Following Christ as the church militant

14 February 2023

Rev. Dr Joe Boot responds to the Church of England’s recent vote at General Synod to approve of blessing same-sex unions.

An urgent warning to the clerics and parishioners

Christian thinking must be concerned with actually following the Christ of Scripture and having his Word dwell and abide in us by his Spirit. Submitting oneself to being a humble follower doesn’t come easily to anyone – especially cultural leaders, thinkers and apparently bishops. This was evident in the recent diabolical and self-immolating ruling of the bishops in the Church of England to formally bless same-sex relationships in the churches, all in the name of the love of Jesus. The human inclination is always toward autonomy, preferring to live the illusion that we can ‘legislate’ for ourselves; to be a king without a country in the rootless despair of defiance is the preference of our rebellious age.

Being a professing Christian in the church does not remove the temptation or inclination to strike out alone, to follow our own desires or those of our culture, to live by our own priorities and to set aside the awesome and all-consuming call to be a disciple of Christ; to come and die in order to truly live. Kneeling as a living sacrifice sounds incredibly painful and involves a transformation of the heart which implies the pain and suffering of rejection by a world conformed, in the final analysis, to a very different spirit. But the divine midwife insists this is the only way. We must be reborn, transformed, and given a new heart, a new mind.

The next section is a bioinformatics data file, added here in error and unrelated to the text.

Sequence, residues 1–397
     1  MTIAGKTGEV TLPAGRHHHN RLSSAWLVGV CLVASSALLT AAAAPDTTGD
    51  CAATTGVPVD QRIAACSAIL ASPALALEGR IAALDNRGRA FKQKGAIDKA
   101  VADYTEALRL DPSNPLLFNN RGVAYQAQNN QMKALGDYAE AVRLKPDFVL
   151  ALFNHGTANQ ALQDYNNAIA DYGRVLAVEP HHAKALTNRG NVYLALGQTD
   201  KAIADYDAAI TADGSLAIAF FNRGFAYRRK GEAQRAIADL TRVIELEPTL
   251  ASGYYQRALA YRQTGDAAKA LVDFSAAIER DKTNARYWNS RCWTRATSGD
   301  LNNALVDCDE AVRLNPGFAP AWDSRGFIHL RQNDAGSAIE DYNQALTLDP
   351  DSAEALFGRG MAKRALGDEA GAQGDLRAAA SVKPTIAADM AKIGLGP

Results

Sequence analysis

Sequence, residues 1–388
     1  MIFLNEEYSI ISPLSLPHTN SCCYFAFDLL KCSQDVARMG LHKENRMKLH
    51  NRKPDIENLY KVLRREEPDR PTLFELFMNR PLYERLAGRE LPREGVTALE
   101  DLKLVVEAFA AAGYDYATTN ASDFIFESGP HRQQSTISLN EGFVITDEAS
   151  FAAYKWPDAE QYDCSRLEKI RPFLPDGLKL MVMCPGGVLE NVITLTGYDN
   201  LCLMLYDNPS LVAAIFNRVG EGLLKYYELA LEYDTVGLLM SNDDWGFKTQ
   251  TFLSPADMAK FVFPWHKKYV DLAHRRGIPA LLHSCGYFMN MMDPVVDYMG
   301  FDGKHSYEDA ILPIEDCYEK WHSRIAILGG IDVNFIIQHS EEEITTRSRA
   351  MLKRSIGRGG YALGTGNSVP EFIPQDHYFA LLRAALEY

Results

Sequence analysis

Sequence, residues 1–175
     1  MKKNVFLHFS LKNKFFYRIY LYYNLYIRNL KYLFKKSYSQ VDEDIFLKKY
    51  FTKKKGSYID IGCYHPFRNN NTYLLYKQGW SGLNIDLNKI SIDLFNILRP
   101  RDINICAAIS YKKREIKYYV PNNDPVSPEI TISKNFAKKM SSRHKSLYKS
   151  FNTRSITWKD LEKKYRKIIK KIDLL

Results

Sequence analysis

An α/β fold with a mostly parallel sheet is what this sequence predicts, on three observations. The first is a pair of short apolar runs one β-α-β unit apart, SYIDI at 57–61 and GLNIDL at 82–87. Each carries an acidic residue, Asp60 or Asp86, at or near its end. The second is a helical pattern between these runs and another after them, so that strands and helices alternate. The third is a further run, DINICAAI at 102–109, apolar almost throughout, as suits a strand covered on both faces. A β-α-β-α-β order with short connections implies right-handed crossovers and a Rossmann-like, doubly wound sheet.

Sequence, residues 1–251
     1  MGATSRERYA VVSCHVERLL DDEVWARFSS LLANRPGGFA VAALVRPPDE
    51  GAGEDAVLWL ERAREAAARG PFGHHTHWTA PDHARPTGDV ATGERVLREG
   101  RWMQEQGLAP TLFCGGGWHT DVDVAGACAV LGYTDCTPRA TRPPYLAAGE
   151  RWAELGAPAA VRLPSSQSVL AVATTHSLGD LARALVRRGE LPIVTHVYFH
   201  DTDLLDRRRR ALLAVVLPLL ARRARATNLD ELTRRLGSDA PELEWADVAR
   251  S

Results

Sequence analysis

As Christians we may claim to follow Christ, but the lifelong challenge in developing a truly Christian mindset requires regularly asking ourselves if we have followed him far enough? Have we been to Jordan and seen the dove descending, but hung back from the mountain to avoid his exposition of the law and radical insistence that only those who teach that law are great in the Kingdom? Have we fallen asleep in pious satisfaction at the gates of Gethsemane, or lingered from a safe distance at Golgotha, never making it to the slopes of Olivet or to the upper room in Jerusalem with the dancing flames of fire?  Is it possible that we are not yet Christian enough?  It is all too easy to follow Christ only as far as is convenient, till the tarrying is just too tiring. If we only follow Christ part way, then we are uninvolved in key aspects of the drama and miss the significance of God’s full act in history.

The entire work of Christ in all his offices must become contemporaneous with us if we would truly be transformed by the renewing of our minds. It is not sufficient to appreciate Christ washing Simon Peter’s feet at the last supper as a model of service if we refuse to see him, let alone join him, where the bloodied Stephen saw him – exalted in heavenly places, standing up from his seat of total authority at God’s right hand.  Unambiguously, we must see him as priest on the road to Calvary, but we must also recognise him on the footpath to Emmaus as resurrected Lord – the gardener of creation among Arimathea’s roses – if we are to truly follow Christ and know the renewal of our minds.